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Jim Trippon is a certified genius, a member of MENSA, and the epitome of the “Overachieving Entrepreneur.” He’s an internationally renowned and globally experienced investment expert, dedicated to finding undervalued, “under the radar” investments for his worldwide clients and subscribers. He... More
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  • Be Ware Of ETF Distributions 0 comments
    Jun 27, 2011 8:38 AM | about stocks: VWO, EEM
    Obviously, I'm a big fan of exchange traded products and I don't mince words about those feelings, but like almost everything else in this world, ETFs are not perfect. Hence, just two months removed from paying Uncle Sam my 2010 tax tab, I'm bringing up the issue of ETF distributions today.

    Distributions are supposed to be and are for the most part, the primary advantage of owning ETFs over mutual funds. When a mutual fund manager sells a stock at a profit, the capital gains tax on that profit is passed on to you, the investor. That's a bad deal, particularly when considering that most mutual funds often feature much higher fees than comparable ETFs.

    Unfortunately, taxable distributions are a fact of life in the ETF universe as well. At the end of May there were above 1,230 ETFs and ETNs trading on U.S. exchanges and I'd venture to say, albeit unscientifically, that the vast majority, probably in the neighborhood of 70% to 75% give or take a few percentage points, don't subject investors to taxable distributions.

    As I am so fond of saying the devil is in the details and this is a situation that can be avoided with just a few minutes of homework because essentially every ETF that MIGHT subject investors to taxable distributions makes note of this fact in the fund's prospectus. Again, ETF prospectuses aren't the most exhilarating reads on the shelf, but reading them does help your pocketbook.

    There is another way around the ETF distribution situation, though I can't say I'm a big fan of it. If you are subject to a big distribution, say 25% or more, the fund's net asset value should drop by the same dollar amount and if you bail-out of that ETF before the end of the year, the loss you've absorbed should offset the distribution.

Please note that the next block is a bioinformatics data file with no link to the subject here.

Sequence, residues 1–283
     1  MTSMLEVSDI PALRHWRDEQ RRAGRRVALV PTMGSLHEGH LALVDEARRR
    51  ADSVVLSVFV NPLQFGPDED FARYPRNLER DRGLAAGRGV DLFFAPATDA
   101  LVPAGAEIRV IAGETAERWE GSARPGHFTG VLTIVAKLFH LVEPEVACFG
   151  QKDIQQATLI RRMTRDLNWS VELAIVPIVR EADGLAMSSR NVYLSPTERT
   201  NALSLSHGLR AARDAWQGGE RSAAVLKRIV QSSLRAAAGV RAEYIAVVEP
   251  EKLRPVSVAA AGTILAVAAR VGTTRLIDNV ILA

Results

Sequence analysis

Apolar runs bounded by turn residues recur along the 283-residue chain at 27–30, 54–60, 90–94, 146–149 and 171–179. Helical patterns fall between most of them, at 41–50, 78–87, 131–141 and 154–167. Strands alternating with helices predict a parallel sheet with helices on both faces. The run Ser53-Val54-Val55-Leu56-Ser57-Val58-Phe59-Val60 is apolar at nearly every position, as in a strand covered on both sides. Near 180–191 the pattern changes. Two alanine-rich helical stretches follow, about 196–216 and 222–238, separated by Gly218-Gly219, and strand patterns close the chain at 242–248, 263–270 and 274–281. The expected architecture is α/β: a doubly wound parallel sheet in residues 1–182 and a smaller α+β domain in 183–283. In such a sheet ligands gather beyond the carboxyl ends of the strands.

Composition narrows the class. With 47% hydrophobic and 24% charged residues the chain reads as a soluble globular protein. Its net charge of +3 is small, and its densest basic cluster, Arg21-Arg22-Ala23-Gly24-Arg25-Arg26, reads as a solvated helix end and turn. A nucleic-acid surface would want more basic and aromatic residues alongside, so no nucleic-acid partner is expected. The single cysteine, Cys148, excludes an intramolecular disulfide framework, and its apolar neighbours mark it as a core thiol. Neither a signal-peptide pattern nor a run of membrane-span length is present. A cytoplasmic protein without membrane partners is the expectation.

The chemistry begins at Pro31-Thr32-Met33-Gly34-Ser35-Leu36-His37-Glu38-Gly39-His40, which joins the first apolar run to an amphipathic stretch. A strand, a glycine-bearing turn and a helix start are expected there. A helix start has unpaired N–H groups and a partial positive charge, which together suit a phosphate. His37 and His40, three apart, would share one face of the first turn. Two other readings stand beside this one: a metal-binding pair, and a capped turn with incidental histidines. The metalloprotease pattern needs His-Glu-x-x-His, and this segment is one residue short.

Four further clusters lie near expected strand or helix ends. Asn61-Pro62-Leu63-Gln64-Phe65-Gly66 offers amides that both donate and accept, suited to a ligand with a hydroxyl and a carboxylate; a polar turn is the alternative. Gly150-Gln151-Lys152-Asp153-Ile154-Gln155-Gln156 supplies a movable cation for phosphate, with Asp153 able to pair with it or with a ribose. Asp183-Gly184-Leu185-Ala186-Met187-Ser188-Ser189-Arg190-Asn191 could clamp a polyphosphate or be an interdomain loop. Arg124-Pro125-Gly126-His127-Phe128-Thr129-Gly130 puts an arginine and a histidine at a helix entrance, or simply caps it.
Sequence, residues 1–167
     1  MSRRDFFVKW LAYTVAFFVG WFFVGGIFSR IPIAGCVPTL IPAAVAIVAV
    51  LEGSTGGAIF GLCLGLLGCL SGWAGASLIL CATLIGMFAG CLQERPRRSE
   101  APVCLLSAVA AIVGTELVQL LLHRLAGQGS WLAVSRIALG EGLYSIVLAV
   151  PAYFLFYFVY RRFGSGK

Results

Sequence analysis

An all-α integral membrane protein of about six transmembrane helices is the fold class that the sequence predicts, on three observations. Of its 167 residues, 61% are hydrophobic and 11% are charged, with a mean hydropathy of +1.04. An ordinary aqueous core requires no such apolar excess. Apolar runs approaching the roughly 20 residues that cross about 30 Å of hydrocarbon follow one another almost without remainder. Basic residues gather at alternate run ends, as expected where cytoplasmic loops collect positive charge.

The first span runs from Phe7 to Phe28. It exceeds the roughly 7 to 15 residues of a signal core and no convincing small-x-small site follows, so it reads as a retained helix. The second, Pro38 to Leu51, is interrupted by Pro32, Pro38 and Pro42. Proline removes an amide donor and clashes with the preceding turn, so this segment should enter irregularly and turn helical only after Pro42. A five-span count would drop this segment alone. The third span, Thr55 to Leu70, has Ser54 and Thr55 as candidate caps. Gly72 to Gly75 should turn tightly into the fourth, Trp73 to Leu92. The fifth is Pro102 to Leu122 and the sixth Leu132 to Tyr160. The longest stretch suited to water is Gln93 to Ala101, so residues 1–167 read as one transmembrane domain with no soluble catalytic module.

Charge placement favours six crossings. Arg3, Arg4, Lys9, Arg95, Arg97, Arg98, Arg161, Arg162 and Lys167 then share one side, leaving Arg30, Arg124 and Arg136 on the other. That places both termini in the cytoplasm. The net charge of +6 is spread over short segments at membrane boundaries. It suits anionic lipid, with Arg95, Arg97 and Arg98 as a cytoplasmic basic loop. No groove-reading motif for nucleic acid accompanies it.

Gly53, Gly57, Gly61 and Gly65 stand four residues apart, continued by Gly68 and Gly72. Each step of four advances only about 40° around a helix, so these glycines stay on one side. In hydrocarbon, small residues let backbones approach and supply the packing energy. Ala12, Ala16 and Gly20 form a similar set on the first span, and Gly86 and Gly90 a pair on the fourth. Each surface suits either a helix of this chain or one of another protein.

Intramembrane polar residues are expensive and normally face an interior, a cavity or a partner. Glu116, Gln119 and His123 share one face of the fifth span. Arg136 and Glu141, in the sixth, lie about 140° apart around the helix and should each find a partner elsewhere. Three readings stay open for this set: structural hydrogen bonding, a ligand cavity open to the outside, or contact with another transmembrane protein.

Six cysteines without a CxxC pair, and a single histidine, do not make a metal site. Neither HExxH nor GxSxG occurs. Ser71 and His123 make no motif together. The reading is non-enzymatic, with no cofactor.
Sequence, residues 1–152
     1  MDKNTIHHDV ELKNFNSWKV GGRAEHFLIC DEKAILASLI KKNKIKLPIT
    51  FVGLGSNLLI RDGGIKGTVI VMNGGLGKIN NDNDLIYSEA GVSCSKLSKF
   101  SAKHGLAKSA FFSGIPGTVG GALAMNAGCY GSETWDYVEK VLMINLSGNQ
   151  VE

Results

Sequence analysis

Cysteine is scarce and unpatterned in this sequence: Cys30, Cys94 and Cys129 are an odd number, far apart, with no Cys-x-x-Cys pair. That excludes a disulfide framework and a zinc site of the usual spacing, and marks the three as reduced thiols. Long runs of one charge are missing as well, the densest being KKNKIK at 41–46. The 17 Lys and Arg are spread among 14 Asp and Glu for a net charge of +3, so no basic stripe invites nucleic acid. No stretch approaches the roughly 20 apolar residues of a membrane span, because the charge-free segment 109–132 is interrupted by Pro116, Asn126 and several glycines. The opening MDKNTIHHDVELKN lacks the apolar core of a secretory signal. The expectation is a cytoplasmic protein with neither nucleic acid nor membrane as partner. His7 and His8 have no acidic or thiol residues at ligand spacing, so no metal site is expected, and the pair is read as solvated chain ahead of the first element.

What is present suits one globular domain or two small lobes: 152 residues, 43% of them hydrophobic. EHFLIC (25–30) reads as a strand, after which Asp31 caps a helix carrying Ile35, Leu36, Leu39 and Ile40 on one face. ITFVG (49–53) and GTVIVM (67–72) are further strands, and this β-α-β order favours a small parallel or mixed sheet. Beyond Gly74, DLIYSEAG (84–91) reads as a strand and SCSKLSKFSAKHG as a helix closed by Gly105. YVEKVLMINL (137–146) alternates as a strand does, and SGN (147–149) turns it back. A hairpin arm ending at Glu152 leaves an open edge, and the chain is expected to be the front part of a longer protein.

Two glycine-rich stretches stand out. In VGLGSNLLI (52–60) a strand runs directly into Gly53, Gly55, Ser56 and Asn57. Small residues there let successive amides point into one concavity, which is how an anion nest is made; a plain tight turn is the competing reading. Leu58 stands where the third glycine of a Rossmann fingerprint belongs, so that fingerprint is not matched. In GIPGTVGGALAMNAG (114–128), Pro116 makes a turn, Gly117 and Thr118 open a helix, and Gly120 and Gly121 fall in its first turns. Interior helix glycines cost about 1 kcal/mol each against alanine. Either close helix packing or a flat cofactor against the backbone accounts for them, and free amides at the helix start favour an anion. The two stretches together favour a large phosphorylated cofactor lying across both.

I also thought it was timely to bring up the issue of ETF distributions because two of the most popular ETFs on the market could be subject to distributions very soon. MSCI, the company that provides indexes for tons of ETFs, is expected to announce market reclassification on Tuesday evening, meaning some emerging markets could be promoted to developed market status.

    This is an issue shareholders in the Vanguard MSCI Emerging Markets ETF (NYSE: VWO) and the iShares MSCI Emerging Markets Index Fund (NYSE: EEM), two of the most popular ETFs on the market as ranked by assets under management, need to be aware. Why? Glad you asked.

    The reason is simple. South Korea and Taiwan, each of which combine for over 26% of the country allocations in both EEM and VWO, could very well be promoted to developed market status. If that happens, and I emphasize if as I am writing this well advance of the MSCI release, iShares and Vanguard will be forced to sell South Korean and Taiwanese stocks. Those are both cash markets and that sets investors up for a potential taxable distribution.

    Now I'm not saying run out and sell EEM or VWO just because of the distributions. Frankly, I think these two ETFs could become more attractive if they fill the gaps created with the loss of South Korea and Taiwan with countries like Colombia, Poland and Russia. That's just my two cents. In the meantime, endure the distributions in the case of EEM and VWO and make it a note to avoid them in the future.

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    Stocks: VWO, EEM
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